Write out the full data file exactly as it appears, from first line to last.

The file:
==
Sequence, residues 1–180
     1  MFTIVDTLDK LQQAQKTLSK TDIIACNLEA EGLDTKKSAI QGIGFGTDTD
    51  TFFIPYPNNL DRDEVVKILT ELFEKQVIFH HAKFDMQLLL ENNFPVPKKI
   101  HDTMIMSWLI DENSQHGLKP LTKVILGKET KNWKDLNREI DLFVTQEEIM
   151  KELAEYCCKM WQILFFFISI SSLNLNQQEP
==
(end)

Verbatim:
Sequence, residues 1–180
     1  MFTIVDTLDK LQQAQKTLSK TDIIACNLEA EGLDTKKSAI QGIGFGTDTD
    51  TFFIPYPNNL DRDEVVKILT ELFEKQVIFH HAKFDMQLLL ENNFPVPKKI
   101  HDTMIMSWLI DENSQHGLKP LTKVILGKET KNWKDLNREI DLFVTQEEIM
   151  KELAEYCCKM WQILFFFISI SSLNLNQQEP